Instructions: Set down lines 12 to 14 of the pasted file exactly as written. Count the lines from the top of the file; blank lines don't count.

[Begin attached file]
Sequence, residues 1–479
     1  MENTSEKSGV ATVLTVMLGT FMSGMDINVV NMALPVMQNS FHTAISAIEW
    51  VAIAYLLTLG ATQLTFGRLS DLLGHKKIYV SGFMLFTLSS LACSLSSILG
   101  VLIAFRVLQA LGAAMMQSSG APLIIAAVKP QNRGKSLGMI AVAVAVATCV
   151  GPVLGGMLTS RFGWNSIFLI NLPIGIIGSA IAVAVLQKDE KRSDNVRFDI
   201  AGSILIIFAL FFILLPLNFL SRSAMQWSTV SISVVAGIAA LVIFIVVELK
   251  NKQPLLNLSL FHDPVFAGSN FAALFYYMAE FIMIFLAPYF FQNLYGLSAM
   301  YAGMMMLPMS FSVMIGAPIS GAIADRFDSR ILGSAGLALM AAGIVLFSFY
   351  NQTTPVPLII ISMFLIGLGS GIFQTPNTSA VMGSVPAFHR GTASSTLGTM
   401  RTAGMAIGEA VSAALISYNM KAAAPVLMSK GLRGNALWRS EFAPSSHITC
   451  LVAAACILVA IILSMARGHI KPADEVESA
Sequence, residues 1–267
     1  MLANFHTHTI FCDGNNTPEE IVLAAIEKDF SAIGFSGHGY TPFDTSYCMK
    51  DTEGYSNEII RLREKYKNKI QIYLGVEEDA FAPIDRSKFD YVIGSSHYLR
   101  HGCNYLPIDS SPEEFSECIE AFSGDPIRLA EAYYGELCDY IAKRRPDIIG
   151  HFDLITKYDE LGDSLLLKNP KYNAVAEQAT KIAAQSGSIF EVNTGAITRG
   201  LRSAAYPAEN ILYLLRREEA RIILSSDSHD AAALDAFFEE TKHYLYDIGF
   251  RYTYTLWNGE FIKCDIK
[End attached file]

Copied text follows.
Sequence, residues 1–267
     1  MLANFHTHTI FCDGNNTPEE IVLAAIEKDF SAIGFSGHGY TPFDTSYCMK
    51  DTEGYSNEII RLREKYKNKI QIYLGVEEDA FAPIDRSKFD YVIGSSHYLR